Ivan's Hunt Part Three
“Well,” Ivan tipped back the last of his ale, bitterly chugging the disgusting drink just to feel the hint of a buzz. “I’m ready to see the scene of the crime. Would you be able to convince someone to take me, or take me there yourself?”
Father Donovan bristled at the comment. “Now? It’s the dead of night dear boy, and if we are to believe you there could be a bloodthirsty monster out there!”
“Look, you’re going to leave soon anyway,” Ivan noted, motioning with his hand towards the nearly empty bowl of stew. “You’ve nearly finished your dinner and have had two drinks since I arrived. I think that should suffice for a man of the cloth, wouldn’t you agree?”
Father Donovan glared at Ivan before lifting a spoonful of stew to his thin lips. “Fine. The house in question is near the center of the village near the church anyway, so I’ll be passing it on my way home.”
“Have there really been no efforts in cleaning up the mess?” Ivan asked, thinking about how long ago the crime had taken place.
“None,” Father Donovan intoned, slapping the table. “The house will lay dormant until I can gather the necessary supplies to bless it, then another family will move into it.”
“You have displaced families here in… what is this township even called? I was directed here by a farmer who claimed that the town was called Teufel, but that can’t be right, can it?"
Father Donovan nodded solemnly. “Yes, our town is indeed named after the devil,” he said. “That is why we don’t appear on maps. The Empire would rather not acknowledge us, assuming that marking their maps with the word ‘devil’ would invite darkness.”
“Well you did just have a grisly mass murder, possibly ritualistic in nature,” Ivan said.
Father Donovan nodded, looking down at his empty bowl. “Yes, that we did.”
“Who named the town? Why haven’t you all just renamed it?” Ivan asked, leaning back in his chair. The ale was allowing his mind to relax, his constant paranoia slowly ebbing away. “I mean, it can’t be that difficult, can it?”
“We have changed our name, several times in fact. Nobody ever pays it any mind, and just knows us as the ‘devil’ hamlet. You wouldn’t believe the number of times we’ve sent a courier to Innsbrook with news our home was to be known as Green Grove, or Verdant Hills. Each courier returned with news that the registrar would refuse to change it, citing we were clearly just trying to fool strangers into visiting a town of Pagans!”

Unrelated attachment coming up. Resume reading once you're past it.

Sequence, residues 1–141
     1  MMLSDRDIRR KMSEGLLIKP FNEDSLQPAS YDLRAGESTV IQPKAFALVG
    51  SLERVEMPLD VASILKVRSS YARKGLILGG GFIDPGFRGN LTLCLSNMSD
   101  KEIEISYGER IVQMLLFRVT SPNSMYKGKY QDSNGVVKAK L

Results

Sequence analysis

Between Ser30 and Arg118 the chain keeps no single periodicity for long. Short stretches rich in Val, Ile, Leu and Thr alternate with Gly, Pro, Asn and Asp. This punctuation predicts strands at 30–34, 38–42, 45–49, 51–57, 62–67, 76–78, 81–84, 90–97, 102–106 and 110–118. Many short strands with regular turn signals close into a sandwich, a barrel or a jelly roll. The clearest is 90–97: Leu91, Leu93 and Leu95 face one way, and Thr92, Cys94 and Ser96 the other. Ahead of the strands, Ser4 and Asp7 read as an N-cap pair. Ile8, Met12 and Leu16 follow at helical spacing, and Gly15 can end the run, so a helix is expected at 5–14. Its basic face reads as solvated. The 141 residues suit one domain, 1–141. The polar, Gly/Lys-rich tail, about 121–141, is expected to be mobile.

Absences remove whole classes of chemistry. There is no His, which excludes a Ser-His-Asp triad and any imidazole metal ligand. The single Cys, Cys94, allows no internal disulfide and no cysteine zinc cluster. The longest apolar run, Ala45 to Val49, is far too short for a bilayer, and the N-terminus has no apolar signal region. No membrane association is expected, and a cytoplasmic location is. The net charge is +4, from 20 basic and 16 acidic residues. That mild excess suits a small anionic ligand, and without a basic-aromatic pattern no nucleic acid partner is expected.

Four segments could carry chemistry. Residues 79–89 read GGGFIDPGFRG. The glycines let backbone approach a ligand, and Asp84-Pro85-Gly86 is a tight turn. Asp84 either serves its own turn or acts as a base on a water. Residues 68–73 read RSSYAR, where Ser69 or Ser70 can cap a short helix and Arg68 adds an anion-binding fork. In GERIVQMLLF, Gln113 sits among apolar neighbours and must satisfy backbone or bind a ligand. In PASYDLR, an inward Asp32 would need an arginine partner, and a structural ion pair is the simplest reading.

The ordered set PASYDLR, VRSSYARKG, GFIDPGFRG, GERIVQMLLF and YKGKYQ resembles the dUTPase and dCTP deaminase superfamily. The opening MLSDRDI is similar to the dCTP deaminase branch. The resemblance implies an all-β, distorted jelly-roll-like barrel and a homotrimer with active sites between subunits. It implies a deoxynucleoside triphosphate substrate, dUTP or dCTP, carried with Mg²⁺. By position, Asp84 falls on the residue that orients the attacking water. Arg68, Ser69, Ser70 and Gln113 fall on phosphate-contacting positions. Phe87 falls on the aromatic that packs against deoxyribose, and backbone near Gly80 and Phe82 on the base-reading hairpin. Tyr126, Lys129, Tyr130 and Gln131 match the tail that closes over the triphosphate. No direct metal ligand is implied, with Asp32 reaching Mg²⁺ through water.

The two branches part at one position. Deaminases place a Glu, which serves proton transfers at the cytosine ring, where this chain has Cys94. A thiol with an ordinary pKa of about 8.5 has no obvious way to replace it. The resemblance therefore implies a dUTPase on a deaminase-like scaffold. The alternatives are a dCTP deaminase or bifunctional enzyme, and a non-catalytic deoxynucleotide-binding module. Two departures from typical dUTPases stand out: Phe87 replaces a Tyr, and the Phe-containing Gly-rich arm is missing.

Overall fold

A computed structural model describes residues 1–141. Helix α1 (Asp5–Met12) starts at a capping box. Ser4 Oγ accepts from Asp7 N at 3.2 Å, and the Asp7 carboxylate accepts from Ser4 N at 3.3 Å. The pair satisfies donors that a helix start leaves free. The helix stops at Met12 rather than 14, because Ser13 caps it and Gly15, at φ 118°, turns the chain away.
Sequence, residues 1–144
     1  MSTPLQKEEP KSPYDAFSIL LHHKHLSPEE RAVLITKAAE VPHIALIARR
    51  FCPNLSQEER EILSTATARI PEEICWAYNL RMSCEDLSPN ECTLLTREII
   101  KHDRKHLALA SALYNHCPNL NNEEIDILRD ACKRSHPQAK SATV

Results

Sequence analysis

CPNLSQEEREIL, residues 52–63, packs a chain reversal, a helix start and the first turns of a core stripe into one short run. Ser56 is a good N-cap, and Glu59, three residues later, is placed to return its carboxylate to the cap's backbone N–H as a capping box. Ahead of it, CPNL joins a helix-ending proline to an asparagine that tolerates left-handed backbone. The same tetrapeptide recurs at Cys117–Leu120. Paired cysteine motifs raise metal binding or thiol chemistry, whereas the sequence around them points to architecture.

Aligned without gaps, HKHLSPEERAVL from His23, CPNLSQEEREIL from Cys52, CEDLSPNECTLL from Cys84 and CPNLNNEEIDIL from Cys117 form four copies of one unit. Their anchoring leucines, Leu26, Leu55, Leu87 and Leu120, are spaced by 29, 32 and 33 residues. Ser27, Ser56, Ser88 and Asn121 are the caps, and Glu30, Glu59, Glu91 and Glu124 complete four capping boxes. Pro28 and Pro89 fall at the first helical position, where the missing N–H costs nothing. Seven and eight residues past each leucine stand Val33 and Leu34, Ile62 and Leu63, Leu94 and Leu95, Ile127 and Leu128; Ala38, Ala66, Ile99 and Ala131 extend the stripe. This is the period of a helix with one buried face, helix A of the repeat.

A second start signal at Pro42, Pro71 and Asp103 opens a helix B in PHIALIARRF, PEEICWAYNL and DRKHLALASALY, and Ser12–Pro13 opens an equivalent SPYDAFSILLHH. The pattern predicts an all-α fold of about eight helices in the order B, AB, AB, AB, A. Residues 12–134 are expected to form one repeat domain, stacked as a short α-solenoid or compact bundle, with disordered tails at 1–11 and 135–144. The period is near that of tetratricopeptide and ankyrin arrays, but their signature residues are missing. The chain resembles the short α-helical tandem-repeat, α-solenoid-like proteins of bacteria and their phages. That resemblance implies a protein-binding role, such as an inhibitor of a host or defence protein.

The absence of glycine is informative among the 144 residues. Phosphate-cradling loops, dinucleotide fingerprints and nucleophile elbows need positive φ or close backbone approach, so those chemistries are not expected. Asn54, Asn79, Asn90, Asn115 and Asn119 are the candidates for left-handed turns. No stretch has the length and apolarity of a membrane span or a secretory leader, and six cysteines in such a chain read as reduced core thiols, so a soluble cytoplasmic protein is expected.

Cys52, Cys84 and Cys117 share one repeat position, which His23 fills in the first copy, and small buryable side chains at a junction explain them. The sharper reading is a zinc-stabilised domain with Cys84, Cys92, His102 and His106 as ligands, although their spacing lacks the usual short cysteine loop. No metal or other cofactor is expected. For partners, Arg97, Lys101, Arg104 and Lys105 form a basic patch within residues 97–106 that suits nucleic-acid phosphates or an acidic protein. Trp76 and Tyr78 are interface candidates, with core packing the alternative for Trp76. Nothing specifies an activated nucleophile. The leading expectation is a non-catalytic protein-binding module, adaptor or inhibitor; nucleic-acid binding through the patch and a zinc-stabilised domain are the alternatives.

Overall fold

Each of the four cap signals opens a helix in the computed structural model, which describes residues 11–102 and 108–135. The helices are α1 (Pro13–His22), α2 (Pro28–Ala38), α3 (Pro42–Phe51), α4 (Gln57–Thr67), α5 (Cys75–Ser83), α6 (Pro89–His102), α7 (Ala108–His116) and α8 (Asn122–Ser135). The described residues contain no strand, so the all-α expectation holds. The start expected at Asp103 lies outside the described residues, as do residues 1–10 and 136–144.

“If the Holy Roman Empire thinks you’re all Pagans, why haven’t you all been executed? No offense, but if my Order knew of a town of Witches or other Occultists we’d burn it to the ground before salting the earth.”
“Oh we’ve had our fair share of Judges come to Teufel before, ready with torches and oil,” Father Donovan chuckled. “But once they’re here they see we’re a rural community of practicing Catholics, not a den of devil-worshipers. I explain this very thing once or twice a year, I assume when someone goes through the archives in Innsbrook to count our taxes and tithes they stumble across our name and look to the map for us. When we can’t be found, they dispatch some inquisitors to ‘solve’ the problem.”
“Sounds like the Church alright,” Ivan muttered leaning back in his chair. “You ready to show me the house where all of this took place?”
“No time like the present, I suppose.” The priest said, rising from his chair. He waved at the barman, who nodded, before weaving through the tables towards the front door. Ivan followed close on his heels, sending a silent prayer to Elohim that the blizzard was dying down. As Father Donovan opened the door to the howl of the frigid wind, Ivan scowled.
That’s what he got for praying.
The priest took an oil lantern hanging from the inside of the doorway and lit it with little trouble, allowing Ivan a chance to see the village as they walked out into the storm. The snow was ankle deep, both men finding it necessary to lift themselves from the snow drifts to plough on. The house wasn’t that far it seemed though even to Ivan’s weak spiritual senses he could tell something was wrong with the hovel.
It was just like all of the other homes in Teufel, a stone base with four support columns and sturdy wooden walls over a thatched sloped roof. Icicles hung from the bannister in front of the porch, where an old rocking chair sat, gently swaying in the wind. Father Donovan began walking up to the building, but Ivan grabbed the man’s shoulder, stopping him. When the old priest turned to look at him with a quizzical eye, Ivan called out above the storm.
“Go back to the Church and fetch some holy water, as well as a Crucifix. If you have one on you now, I’d appreciate borrowing it.”
Father Donovan looked a little surprised by the odd request, before nodding. “I’ll go and fetch the necessary supplies.”
“I’ll be inside,” Ivan called back over the howling winds. Father Donovan began slowly marching through the snow towards a steeple that was barely visible in the swirling snow. Ivan, he drew one of his silver knives and took a step closer to the house. He could hear, above the call of winter’s fury, a low grumbling noise, like rocks grinding against each other. Ivan gave a grim smile as he watched a section of thatched roof peel away, stretching out to reveal a veiny bat-like wing, which was swiftly changing colors from the color and texture of straw to a blinding white and light blue.
Slowly the whole creature came into existence, taking on the appearance of the storm raging around it, save for its deep black eyes set far back in a lupine head. Ears perked up like those of a wolf, the hairless beast rose up onto its hind legs, revealing the heavily muscled torso as well as the long tail swishing back and forth, the serpentine thing ending in a wicked barb. The creature regarded Ivan for a moment, the storm chilling Ivan to the bone as he stood ready with his dagger.
“Hello little Raven,” the creature rumbled, “have they sent you out to play?”